INCubator upgrades eyed as ‘game-changer’ for Chattanooga’s entrepreneurial ecosystem

Photography by Matt Hamilton / Nick Johnson of One Off Robotics at the INCubator inside the Hamilton County Business Development Center.
Photography by Matt Hamilton / Nick Johnson of One Off Robotics at the INCubator inside the Hamilton County Business Development Center.

Redeveloping and expanding the Hamilton County Business Development Center is seen as a potential game-changer for economic development in the region, according to a new report.

The small business facility, known as the INCubator, is already one of the largest in the country and had a projected $73.4 million economic impact in 2022 -- and officials and others believe even more is possible.

"It's a bit of a unicorn from an economic development standpoint," says Charles Wood, the Chattanooga Area Chamber of Commerce's chief executive.

Studying options to boost the INCubator is one of a handful of key initiatives identified in the Chamber's updated five-year growth plan, dubbed "Chattanooga Climbs Higher," which will start next year.

Wooing more air service to Chattanooga Airport, charging up the area's Gig City profile, and building out 10 career pathways while working with local collaborative Chattanooga 2.0 are among the potential game-changers in the plan, along with creating what the report calls "a first-in-class incubation facility."

In its entirity, the INCubator offers start-up companies 127,000 square feet of support. First raised for manufacturing in the late 1920s, the site housed industrial giant 3M in the 1950s until it was transitioned to Hamilton County in the mid 1980s.

Local economic development leaders transformed the facility into Hamilton County's first business incubator, helping plant the seeds of Chattanooga's entrepreneurial ecosystem.

The INCubator typically includes about 50 startup businesses at any one time, officials say. It offers manufacturing and office space, shared administrative services, training workshops, a conference center and access to free on-site counseling from the Tennessee Small Business Development Center. Businesses usually "graduate" and leave the facility within about three years.

"It's making sure entrepreneurs are ready," Wood says.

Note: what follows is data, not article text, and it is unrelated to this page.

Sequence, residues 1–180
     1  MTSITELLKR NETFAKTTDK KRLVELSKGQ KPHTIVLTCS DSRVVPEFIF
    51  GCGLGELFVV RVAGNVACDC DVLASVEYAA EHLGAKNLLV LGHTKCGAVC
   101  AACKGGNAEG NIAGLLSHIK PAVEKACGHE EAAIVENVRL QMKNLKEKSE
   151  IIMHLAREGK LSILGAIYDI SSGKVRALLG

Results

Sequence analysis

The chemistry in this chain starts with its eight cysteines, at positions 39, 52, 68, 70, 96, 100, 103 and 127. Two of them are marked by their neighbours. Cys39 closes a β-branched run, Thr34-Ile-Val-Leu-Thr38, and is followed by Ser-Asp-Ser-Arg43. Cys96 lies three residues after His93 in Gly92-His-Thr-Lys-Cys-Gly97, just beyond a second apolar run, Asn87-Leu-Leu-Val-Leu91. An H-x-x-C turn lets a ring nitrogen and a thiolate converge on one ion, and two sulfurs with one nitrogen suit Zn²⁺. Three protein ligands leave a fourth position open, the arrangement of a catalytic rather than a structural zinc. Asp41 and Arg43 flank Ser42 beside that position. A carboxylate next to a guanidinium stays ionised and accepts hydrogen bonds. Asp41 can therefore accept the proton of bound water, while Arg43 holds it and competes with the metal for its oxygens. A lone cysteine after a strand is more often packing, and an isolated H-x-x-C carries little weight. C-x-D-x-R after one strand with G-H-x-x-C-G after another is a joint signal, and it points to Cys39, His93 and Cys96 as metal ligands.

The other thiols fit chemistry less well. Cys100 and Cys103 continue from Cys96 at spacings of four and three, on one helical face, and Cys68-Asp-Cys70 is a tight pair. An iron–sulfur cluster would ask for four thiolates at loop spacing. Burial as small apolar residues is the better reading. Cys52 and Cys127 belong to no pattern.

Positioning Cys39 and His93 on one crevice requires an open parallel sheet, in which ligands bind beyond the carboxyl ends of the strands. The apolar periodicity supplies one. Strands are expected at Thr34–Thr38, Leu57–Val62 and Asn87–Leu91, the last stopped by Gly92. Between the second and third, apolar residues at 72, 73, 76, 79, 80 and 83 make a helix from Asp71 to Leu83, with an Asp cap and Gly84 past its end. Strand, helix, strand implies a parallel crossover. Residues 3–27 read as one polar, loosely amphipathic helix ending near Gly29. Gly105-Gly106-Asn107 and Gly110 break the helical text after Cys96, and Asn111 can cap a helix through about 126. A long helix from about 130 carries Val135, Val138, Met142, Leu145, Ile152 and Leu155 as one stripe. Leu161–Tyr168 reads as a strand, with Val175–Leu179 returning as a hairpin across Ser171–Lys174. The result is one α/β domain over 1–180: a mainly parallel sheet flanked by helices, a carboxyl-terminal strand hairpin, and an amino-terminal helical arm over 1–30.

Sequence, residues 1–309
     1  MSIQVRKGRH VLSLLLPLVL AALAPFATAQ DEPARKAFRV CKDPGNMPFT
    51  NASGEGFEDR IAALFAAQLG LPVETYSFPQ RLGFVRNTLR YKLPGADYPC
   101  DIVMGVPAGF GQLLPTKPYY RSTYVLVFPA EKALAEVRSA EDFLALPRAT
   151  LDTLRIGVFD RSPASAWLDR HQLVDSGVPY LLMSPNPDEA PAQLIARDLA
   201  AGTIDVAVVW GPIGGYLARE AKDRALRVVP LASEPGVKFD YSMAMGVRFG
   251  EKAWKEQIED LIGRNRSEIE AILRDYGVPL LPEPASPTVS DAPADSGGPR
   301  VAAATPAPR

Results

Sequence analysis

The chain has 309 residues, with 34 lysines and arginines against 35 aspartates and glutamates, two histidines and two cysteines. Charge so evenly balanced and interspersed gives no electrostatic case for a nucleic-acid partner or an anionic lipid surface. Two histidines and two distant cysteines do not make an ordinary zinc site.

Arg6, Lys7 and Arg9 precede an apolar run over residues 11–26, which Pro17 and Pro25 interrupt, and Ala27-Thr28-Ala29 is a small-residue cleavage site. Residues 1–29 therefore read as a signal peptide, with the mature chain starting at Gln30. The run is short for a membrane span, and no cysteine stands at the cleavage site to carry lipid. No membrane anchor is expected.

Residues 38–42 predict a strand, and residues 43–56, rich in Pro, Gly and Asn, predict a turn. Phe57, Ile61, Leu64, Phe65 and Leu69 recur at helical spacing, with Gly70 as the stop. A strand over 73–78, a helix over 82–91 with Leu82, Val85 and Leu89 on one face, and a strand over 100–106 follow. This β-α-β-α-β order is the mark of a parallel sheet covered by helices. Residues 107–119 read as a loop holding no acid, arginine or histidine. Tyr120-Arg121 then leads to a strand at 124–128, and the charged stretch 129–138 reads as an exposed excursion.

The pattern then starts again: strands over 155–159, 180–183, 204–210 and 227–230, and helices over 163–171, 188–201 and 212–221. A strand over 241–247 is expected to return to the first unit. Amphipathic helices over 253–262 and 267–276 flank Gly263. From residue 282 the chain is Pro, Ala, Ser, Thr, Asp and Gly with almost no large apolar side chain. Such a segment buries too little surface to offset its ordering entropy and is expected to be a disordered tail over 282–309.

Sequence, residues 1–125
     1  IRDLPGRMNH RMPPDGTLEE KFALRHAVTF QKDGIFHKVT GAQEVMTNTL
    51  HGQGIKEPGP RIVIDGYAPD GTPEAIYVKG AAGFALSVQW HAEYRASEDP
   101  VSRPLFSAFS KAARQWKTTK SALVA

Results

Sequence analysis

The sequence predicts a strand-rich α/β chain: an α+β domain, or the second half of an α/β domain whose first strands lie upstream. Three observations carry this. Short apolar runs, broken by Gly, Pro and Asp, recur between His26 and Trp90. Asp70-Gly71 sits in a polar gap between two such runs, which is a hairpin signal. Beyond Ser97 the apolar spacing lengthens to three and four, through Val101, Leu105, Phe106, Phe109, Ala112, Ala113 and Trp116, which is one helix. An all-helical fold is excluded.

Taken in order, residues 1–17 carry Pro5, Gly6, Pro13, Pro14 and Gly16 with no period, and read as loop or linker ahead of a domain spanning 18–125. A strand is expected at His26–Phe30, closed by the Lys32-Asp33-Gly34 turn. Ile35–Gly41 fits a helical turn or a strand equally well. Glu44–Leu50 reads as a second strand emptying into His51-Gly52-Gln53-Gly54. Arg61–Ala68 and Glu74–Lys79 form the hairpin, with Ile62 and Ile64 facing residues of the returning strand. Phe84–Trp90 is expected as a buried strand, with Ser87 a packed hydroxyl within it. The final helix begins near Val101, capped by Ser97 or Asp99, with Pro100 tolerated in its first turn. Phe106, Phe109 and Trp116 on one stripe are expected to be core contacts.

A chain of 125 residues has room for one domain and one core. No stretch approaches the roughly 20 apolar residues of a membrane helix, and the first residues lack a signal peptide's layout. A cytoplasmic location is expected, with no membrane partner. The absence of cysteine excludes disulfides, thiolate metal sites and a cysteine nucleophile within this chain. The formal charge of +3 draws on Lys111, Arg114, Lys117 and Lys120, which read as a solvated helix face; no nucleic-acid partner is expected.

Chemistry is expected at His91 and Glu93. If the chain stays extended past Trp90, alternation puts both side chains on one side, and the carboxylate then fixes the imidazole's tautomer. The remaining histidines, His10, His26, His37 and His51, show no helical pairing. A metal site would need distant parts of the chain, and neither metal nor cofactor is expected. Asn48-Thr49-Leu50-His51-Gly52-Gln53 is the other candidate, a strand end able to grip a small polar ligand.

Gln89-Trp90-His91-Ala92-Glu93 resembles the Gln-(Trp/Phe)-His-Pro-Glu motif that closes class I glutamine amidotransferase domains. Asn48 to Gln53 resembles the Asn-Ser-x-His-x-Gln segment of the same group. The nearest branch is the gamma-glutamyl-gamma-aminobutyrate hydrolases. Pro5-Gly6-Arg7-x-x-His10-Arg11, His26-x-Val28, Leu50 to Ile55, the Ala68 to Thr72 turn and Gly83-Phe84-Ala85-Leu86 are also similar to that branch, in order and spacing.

The Chamber's plan calls for partnering with Hamilton County to study options and potentially reinvest in the center. Tax-increment funding could be explored to support the center's expansion and redevelopment, the plan says.

Wood says County Mayor Weston Wamp has an entrepreneurial background, and he sees the redevelopment of the facility as possibly transformational.

The BDC sits on about 2.5 acres and includes some parking. But Wood says the 90-year-old structure has been "pretty cut up" over the years and there are physical challenges within the building itself.

Also, redevelopment could significantly enhance technology within the building, he says.

"It's using 1990s technology," Wood says. "It would allow for some improvements and upgrades."

  photo  Photography by Jennifer McNally / Meeting room

 Nick Johnson, chief executive and founder of INCubator client One Off Robotics, which offers a range of customizable robotic fabrication systems for additive and subtractive manufacturing, says the facility is "one of the best gems in Chattanooga for creating jobs."

But Johnson, who says his company expects to graduate from the BDC next year, says the facility could use more resources to help businesses involved in technology.

"I'd love to see technology have a bigger role," says the CEO of the company that now has about a dozen employees.

Wood says one option likely not to be considered will be shifting the facility to another location, even though North Shore real estate is valuable.

"Re-creating that facility would be hard to do," Wood says, adding the INCubator sits amid an urban environment many entrepreneurs like.

As the report on the Chattanooga Climbs Higher strategy mentions exploring tax-increment funding, or a TIF, Wood says that could mean a development partner or simply government using a TIF as a tool.

He says he'd like to see officials move "reasonably quickly" on the potential upgrades to the BDC. Wood says an aim is to keep entrepreneurs in the Chattanooga area.

As officials consider actions related to the BDC and the long-range growth strategy, they continue to enhance the structure such as adding an outdoor seating area and indoor space where clients can interact.

The report also calls for creating a strategic partnership with VentureSouth, one of the largest angel investment groups in the United States, to increase funding for early-stage startups.

In addition, the report identifies working with Tennessee legislators and the University of Tennessee at Chattanooga to expand research and development activities in Chattanooga.

Wood emphasizes that education is "front and center," highlighting their concerted efforts to align with Hamilton County Schools. He also points to Mayor Wamp's desire to invest in a new public school downtown to further vocational and technical education.


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